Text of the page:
Mon. May 27th, 2019

Toronto has an affordability Crisis

Imagine this…

You are a good upstanding citizen of Toronto, you have developed and built homes, offices, condo buildings and factories. You are someone who has actually worked to build the city.  You support well-researched, well-thought-out ideas on how to build a strong dynamic city.  And you keep well-informed. You do research on Toronto and find that there is a shortage of affordable housing and this is pushing people who can’t afford to invest in purchasing a home into rental units. So, you think you might build apartments to fill the demand.   But then you discover that warehouse and manufacturing space is desperately needed to supply the growing population with consumer goods. The lack of warehouse space is pushing up the cost of goods to ordinary citizens and making Toronto an expensive place to live and work. You decide the best contribution you can make is to develop a well-designed, efficient warehouse space quickly.

You look for a property in areas the city has designated for manufacturing and warehousing.  The city has started cracking down on outside storage, and you find a property with a warehouse but where most of the yard is kept filled with old shipping pallets. The building itself doesn’t conform to any of the specifications the city has designated in its Official Plan. The property is an eyesore in the middle of an industrial area, and you know that with a good architect you can create an efficient and elegant building that will provide much more warehouse space than the current building provides.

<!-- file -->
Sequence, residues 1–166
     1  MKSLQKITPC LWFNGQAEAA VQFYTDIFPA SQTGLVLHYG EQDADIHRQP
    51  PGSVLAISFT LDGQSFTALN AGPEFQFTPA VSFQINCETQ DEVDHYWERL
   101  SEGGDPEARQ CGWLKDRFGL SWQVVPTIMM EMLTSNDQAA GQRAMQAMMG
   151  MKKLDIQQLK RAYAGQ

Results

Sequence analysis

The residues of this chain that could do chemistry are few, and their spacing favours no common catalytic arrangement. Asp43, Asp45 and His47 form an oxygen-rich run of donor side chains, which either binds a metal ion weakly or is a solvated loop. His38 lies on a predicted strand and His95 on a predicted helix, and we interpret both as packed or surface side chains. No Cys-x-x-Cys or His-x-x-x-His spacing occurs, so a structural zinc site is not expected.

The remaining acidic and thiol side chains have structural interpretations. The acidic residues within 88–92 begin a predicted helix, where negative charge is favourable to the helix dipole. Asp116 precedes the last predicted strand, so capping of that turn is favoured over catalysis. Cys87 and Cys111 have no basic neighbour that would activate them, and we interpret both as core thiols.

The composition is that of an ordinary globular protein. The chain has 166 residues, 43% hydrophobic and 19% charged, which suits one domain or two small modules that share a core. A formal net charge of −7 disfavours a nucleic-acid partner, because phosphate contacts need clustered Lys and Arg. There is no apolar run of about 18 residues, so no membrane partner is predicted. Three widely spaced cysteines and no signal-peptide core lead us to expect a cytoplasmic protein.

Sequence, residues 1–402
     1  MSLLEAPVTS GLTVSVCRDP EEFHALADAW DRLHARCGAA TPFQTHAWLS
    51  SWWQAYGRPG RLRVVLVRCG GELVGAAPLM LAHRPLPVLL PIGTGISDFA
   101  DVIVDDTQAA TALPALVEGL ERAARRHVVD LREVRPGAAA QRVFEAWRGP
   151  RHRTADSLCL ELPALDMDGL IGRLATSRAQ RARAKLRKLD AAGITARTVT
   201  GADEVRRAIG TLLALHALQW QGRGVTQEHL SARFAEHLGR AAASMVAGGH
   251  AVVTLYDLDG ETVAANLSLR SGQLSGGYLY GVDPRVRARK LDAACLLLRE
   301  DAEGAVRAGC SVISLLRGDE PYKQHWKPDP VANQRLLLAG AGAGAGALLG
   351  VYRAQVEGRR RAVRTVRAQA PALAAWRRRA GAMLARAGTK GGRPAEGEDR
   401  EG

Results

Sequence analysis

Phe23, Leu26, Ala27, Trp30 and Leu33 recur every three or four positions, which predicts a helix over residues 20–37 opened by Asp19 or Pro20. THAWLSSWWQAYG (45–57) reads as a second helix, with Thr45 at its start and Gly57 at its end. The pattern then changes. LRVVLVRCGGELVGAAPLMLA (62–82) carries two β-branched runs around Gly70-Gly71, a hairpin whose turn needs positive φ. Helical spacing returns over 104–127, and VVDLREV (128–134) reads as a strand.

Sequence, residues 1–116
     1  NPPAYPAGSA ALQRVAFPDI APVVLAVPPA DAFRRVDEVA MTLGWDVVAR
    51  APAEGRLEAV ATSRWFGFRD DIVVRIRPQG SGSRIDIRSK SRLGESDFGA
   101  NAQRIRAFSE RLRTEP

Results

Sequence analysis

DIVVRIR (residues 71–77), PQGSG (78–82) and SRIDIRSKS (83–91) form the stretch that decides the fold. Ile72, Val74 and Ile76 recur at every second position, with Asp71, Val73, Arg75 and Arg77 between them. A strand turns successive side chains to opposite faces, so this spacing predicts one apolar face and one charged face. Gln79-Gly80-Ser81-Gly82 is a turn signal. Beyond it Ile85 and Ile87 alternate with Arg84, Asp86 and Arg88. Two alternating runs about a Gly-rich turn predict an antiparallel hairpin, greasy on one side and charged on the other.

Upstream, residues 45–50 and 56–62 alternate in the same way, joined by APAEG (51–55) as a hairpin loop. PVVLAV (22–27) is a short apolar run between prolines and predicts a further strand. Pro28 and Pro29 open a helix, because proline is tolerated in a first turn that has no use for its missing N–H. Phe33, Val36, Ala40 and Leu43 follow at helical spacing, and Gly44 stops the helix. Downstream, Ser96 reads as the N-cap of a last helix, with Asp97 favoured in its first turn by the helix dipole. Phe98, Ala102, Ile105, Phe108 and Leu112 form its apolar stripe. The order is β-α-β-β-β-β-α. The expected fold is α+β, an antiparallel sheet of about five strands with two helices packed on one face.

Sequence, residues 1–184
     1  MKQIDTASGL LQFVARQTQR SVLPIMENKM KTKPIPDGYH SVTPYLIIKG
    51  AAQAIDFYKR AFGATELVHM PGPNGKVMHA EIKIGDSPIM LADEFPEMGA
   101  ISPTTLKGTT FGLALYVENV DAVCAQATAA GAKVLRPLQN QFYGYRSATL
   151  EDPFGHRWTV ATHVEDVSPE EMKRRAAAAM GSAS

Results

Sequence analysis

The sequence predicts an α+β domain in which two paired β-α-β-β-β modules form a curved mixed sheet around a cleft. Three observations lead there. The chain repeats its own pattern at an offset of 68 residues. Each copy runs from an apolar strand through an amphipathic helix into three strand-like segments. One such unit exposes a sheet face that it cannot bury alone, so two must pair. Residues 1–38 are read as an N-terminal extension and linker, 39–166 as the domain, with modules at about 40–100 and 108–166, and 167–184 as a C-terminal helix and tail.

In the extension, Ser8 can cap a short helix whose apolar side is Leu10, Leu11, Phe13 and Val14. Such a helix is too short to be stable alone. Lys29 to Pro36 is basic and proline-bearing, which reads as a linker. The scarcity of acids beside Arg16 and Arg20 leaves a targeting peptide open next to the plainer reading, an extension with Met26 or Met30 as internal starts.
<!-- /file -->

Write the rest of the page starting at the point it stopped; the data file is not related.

An interesting fact you learn is that warehouse space no longer requires the large offices they once did. The separation of office space from the warehouse began over a decade ago as salespeople needed to be closer to customers located in urban centres.

Imagine that you decide you will take an old rundown factory and turn it into a new, modern warehouse facility. You put an offer in on the building, you hire an architect (checking their credentials to ensure that you have someone  knowledgeable and educated). You work through the designs and make sure that the entire warehouse conforms to Toronto’s Official Plan – which is there to provide exact guidelines on all development, and the intent behind the guidelines (safety, pedestrian usability etc). Once you have the plans designed you apply to planning for approval.

Then you wait… and wait… and wait.

Given the huge demand for warehouse space in Toronto and the growing economic costs associated with this demand, you might think that Toronto’s city planners would do all they could to approve a well-designed modern warehouse, and one that would be a huge improvement to the existing property. But the sad fact is that as a developer you might wait anywhere from three to six years just to get approval to improve the property.